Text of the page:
From professional tennis to electrical engineering to photography, my career has had more twists and turns than most. The one constant through it all was a love for travel. The desire to experience dramatic landscapes, walk through small towns, and meet new people is one of the things I’d sit at my desk and dream about each day. They say if you love your job, you’ll never work a day in your life. That right there is why I decided to go all in on photography and build a career around sharing the most beautiful places in the world.
How Did it All Start?
A lot of it was being in the right place at the right time. I started going to the beach every day after work in San Diego with the goal of enjoying the sunset. I started taking pictures on my phone and sharing them on Instagram, a new app that had just come out. As my following grew, there was no way to know that brands, agencies, and resources would all start flowing into the platform. I was able to capitalize on being early while also being extremely passionate about taking photos to share on a daily basis.
It’s led to opportunities with Disney, BMW, Sony, Four Seasons, Adidas, and many more. It also led me to sign with United Airlines years ago to help produce their travel content around the world. There are a few key things I’ve done over the last 7-8 years that have been extremely helpful in building relationships with brands and establishing a career as a travel photographer. It may be a saturated market, but the opportunities are endless if you know where to look.
How to Get Started
One of the best ways to start out is right in your own backyard. Look local. There’s likely a local tourism board, boutique hotels, restaurants, or other startups that need pictures and media. It’s a great way to grow your portfolio, practice capturing a variety of content, and get a solid foundation before you aim to work with larger brands. Local companies are often easier to get in the door with and also easier to maintain relationships with. Don’t overlook the convenience of your own backyard!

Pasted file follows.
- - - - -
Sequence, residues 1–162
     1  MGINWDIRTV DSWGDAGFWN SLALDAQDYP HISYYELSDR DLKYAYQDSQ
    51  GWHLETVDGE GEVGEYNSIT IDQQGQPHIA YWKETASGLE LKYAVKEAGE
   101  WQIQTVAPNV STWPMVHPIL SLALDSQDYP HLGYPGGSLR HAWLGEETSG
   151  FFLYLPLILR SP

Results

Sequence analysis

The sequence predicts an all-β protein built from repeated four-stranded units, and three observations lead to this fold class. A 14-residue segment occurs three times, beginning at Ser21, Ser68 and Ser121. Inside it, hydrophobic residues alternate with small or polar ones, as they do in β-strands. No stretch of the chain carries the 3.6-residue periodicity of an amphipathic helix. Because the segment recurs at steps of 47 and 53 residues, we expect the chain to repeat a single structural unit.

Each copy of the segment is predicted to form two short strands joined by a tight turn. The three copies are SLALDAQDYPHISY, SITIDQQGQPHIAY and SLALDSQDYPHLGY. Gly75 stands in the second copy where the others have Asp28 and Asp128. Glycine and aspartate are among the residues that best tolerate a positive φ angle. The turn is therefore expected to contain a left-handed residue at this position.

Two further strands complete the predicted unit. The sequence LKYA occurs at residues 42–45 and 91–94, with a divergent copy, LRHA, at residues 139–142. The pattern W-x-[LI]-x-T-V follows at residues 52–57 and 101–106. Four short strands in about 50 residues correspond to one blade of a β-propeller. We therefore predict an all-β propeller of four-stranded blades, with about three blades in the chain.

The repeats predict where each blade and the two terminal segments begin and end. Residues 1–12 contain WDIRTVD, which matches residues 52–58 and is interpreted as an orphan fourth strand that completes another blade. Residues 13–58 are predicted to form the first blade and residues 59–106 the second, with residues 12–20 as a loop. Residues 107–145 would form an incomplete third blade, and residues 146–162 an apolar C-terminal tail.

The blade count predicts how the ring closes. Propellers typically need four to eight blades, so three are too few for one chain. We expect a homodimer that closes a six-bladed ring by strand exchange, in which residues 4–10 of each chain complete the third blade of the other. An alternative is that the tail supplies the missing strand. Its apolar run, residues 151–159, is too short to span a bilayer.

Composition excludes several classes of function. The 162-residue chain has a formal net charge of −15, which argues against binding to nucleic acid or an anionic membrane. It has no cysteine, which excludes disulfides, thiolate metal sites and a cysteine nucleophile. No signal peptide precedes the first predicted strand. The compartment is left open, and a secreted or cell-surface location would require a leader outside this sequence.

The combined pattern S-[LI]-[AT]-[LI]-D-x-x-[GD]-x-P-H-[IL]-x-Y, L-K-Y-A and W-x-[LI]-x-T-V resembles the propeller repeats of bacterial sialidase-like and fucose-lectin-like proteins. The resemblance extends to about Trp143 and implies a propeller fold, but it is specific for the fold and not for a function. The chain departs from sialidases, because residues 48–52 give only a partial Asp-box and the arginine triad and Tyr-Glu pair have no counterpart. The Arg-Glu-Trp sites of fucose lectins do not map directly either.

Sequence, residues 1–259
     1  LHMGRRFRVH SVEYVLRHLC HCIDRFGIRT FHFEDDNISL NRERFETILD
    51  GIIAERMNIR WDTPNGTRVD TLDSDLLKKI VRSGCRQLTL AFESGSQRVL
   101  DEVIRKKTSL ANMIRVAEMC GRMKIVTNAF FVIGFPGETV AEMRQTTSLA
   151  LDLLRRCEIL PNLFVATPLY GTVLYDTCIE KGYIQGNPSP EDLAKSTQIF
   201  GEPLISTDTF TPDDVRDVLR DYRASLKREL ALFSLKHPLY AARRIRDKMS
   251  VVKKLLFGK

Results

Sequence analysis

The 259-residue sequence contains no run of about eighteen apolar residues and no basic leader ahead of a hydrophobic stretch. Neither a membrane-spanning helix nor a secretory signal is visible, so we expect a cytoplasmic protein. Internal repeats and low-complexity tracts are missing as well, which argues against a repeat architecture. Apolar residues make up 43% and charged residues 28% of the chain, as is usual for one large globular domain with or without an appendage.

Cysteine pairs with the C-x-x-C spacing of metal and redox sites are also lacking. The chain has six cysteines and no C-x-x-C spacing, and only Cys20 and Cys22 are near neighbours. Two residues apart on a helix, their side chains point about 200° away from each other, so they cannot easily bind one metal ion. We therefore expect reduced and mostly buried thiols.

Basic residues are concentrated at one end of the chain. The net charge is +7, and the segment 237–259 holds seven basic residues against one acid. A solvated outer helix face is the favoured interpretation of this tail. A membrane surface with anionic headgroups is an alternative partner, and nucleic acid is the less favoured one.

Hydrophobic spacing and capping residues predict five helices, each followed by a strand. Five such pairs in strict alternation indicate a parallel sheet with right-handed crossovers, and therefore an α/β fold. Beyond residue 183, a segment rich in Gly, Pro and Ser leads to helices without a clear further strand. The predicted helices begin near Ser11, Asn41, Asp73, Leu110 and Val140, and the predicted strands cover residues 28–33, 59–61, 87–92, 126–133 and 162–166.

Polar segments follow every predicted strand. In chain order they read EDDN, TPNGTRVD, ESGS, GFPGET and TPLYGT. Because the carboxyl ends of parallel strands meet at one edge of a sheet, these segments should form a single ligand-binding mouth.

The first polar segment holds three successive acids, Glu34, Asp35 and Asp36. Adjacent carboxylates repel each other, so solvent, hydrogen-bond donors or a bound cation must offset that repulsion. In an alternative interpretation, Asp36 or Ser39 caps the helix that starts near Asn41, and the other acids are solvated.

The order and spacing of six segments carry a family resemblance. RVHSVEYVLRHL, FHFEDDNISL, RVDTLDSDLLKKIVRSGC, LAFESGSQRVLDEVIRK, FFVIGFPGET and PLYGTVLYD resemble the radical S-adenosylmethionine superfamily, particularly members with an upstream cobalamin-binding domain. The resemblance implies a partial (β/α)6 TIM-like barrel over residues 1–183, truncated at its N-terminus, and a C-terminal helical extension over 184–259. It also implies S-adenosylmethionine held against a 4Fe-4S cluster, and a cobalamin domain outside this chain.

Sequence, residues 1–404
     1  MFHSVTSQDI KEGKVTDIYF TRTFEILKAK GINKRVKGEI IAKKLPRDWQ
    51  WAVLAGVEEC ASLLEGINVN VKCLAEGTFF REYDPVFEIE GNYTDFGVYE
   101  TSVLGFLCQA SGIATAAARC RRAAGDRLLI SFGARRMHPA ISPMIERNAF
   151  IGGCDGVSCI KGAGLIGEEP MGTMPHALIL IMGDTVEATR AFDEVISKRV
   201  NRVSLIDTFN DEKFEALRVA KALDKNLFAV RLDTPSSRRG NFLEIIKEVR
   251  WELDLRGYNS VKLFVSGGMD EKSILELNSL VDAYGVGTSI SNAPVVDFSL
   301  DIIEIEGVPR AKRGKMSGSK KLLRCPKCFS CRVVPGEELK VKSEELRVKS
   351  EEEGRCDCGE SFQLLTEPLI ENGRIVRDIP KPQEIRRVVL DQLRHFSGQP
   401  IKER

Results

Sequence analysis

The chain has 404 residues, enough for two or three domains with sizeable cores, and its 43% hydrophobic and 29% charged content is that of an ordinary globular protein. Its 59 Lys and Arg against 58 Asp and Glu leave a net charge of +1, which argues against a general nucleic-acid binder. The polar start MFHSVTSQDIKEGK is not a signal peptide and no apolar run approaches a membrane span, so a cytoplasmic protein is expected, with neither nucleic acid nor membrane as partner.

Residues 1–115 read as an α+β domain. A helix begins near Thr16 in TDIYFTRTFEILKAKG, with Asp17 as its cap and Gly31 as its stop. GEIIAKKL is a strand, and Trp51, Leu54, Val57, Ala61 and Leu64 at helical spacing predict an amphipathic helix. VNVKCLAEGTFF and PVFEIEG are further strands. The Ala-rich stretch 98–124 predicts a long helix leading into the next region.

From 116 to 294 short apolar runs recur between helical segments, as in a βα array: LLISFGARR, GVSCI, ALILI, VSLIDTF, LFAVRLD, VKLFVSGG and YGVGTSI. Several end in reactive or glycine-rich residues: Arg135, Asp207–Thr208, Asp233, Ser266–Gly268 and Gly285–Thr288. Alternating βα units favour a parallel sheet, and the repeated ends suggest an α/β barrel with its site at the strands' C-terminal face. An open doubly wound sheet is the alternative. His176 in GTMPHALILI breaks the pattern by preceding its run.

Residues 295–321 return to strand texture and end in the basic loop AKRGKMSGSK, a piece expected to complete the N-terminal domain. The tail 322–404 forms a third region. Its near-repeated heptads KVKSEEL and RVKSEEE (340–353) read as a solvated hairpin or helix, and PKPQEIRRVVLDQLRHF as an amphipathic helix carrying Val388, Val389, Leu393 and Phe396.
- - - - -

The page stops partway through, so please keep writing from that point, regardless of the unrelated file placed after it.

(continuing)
When it comes to delivering a job, always aim to overdeliver. With photography being such a saturated profession, if you’re putting in average effort or the bare minimum of what’s been asked, you’re not giving a compelling reason for recurring work. If your deliverables for a campaign are 20 photos, try to give them 30. It’s little things like this that leave a positive impression and may make the difference between only landing a single project or being a person a brand wants to utilize time and time again.
Look to platforms and advantages others don’t. With so many creators and artists on Instagram, it’s increasingly harder to stand out. LinkedIn, on the other hand, is a tool that nearly every professional uses, but it's typically something that’s overlooked by the creative community. Start to build your network, constantly add new contacts, and share work consistently. You never know who may see your post and reach out.
Speaking of reaching out, don’t be afraid of rejection. Always try to be proactive. If you sit around waiting for jobs to come your way, you’re leaving a lot up to chance. I worked on a generic pitch deck years ago that I’ve utilized to land many jobs. It doesn’t matter if most people you reach out to say no. You just need one yes.
Find Your Passion
There’s many different niches when it comes to travel photography, but my biggest tip is to find something you’re passionate about to build the foundation around. That passion always shines through and is evident in the work you put out. It’s easy to detect when someone is going through the motions and when someone loves what they do. A career in photography will undoubtedly have many highs and lows, but if it’s built around something you truly love, you’ll be able to navigate and push through the ebbs and flows. Happy shooting out there!